Are root cause analyses recommendations effective and sustainable? An observational study

Peter D. Hibbert*, Matthew J. W. Thomas, Anita Deakin, William B. Runciman, Jeffrey Braithwaite, Stephanie Lomax, Jonathan Prescott, Glenda Gorrie, Amy Szczygielski, Tanja Surwald, Catherine Fraser

*Corresponding author for this work

Research output: Contribution to journalArticlepeer-review

54 Citations (Scopus)


Objective: To assess the strength of root cause analysis (RCA) recommendations and their perceived levels of effectiveness and sustainability.

Design: All RCAs related to sentinel events (SEs) undertaken between the years 2010 and 2015 in the public health system in Victoria, Australia were analysed. The type and strength of each recommendation in the RCA reports were coded by an expert patient safety classifier using the US Department of Veteran Affairs type and strength criteria.

Participants and setting: Thirty-six public health services.

Main outcome measure(s): The proportion of RCA recommendations which were classified as 'strong' (more likely to be effective and sustainable), 'medium' (possibly effective and sustainable) or 'weak' (less likely to be effective and sustainable).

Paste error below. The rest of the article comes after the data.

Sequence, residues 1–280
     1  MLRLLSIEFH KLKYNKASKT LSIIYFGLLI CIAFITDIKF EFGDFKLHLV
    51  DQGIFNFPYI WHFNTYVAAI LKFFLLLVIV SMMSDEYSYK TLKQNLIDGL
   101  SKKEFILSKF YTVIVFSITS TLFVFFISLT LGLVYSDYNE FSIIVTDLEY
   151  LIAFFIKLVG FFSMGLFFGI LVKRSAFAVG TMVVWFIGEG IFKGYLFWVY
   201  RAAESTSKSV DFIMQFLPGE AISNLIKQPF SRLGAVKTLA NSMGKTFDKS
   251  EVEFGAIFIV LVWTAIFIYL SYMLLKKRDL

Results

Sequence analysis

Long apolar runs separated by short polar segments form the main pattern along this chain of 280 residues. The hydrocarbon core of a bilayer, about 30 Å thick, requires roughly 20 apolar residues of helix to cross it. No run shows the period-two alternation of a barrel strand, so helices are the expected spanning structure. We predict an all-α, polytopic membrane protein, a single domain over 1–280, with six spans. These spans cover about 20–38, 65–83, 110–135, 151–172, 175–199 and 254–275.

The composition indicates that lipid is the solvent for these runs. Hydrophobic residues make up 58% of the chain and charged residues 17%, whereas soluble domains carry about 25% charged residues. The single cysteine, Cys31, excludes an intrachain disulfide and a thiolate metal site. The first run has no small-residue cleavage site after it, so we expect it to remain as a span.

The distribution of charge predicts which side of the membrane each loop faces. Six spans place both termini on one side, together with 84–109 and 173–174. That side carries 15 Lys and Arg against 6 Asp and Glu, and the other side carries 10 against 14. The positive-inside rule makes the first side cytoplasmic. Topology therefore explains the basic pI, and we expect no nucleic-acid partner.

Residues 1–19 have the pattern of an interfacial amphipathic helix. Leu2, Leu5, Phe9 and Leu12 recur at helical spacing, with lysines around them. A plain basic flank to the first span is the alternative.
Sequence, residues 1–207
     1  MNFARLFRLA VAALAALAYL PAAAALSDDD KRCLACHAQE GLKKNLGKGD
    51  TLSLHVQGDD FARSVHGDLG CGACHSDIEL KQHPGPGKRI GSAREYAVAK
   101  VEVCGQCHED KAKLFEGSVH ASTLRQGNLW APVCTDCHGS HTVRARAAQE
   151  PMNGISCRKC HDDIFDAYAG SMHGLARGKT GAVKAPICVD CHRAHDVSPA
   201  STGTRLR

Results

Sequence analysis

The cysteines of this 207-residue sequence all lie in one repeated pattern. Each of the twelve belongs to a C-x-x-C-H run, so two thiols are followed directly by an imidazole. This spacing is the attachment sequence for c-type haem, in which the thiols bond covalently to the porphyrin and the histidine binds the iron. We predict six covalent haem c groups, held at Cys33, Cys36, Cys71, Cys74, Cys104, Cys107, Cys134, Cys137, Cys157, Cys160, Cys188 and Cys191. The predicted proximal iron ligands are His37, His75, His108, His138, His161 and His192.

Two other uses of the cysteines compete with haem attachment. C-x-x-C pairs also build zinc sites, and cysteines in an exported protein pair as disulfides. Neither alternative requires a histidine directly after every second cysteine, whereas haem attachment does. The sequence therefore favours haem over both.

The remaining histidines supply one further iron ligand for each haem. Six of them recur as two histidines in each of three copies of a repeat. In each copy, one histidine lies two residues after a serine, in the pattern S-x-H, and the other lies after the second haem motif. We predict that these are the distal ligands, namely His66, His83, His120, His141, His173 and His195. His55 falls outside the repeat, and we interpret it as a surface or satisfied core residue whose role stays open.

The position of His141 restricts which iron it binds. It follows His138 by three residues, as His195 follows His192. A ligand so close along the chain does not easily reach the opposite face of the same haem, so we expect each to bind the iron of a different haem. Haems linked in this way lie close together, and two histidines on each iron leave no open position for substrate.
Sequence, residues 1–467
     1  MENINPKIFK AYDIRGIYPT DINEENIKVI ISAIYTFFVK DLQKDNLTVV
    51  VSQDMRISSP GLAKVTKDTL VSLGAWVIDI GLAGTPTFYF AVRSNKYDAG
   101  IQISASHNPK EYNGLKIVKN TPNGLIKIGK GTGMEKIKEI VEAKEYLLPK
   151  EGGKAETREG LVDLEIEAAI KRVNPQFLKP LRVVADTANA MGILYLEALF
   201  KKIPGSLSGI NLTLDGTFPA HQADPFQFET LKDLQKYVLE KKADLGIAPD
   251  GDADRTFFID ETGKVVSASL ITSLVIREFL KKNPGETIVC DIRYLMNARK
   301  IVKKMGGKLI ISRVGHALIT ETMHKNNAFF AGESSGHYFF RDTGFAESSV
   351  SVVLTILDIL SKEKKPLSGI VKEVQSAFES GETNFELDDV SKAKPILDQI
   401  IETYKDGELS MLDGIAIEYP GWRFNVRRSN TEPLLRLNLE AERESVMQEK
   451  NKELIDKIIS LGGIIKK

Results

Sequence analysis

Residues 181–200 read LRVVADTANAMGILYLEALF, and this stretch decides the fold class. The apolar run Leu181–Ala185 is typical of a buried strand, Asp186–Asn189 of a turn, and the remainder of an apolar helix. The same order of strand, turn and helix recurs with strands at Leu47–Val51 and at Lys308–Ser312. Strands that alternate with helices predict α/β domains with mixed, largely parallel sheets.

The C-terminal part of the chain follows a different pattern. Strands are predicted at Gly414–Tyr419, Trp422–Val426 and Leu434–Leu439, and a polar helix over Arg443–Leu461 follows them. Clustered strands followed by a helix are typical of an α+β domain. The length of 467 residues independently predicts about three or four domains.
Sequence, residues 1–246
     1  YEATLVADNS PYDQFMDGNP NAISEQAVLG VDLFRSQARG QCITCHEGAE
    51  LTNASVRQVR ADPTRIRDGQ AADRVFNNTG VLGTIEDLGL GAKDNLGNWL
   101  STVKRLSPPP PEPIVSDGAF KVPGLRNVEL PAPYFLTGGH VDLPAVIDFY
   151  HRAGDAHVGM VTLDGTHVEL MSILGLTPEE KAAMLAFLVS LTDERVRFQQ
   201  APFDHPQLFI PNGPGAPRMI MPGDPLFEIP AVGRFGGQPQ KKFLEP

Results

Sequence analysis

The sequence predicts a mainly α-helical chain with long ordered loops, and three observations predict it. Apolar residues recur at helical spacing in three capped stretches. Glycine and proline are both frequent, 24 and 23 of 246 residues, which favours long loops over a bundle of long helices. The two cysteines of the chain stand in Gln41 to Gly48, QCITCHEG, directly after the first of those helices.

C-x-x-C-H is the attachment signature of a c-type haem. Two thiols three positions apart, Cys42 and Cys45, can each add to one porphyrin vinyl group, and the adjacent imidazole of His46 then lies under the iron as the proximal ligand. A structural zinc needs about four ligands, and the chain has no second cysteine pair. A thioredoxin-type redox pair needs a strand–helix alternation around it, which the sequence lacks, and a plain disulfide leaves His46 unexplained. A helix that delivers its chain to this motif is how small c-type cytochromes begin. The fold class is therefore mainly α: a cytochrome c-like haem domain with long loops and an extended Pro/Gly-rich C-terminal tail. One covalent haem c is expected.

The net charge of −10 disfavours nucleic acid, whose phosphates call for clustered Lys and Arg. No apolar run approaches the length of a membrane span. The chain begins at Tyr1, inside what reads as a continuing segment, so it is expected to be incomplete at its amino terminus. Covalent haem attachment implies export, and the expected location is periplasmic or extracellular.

Results: There were 227 RCAs in the period of study. In these RCAs, 1137 recommendations were made. Of these 8% were 'strong', 44% 'medium' and 48% were 'weak'. In 31 RCAs, or nearly 15%, only weak recommendations were made. In 24 (11%) RCAs five or more weak recommendations were made. In 165 (72%) RCAs no strong recommendations were made. The most frequent recommendation types were reviewing or enhancing a policy/guideline/documentation, and training and education.

Conclusions: Only a small proportion of recommendations arising from RCAs in Victoria are 'strong'. This suggests that insights from the majority of RCAs are not likely to inform practice or process improvements. Suggested improvements include more human factors expertise and independence in investigations, more extensive application of existing tools that assist teams to prioritize recommendations that are likely to be effective, and greater use of observational and simulation techniques to understand the underlying systems factors. Time spent in repeatedly investigating similar incidents may be better spent aggregating and thematically analysing existing sources of information about patient safety.

Original languageEnglish
Pages (from-to)124-131
Number of pages8
JournalInternational Journal for Quality in Health Care
Issue number2
Publication statusPublished - 1 Mar 2018


  • patient harm
  • patient safety
  • root cause analysis
  • sentinel event


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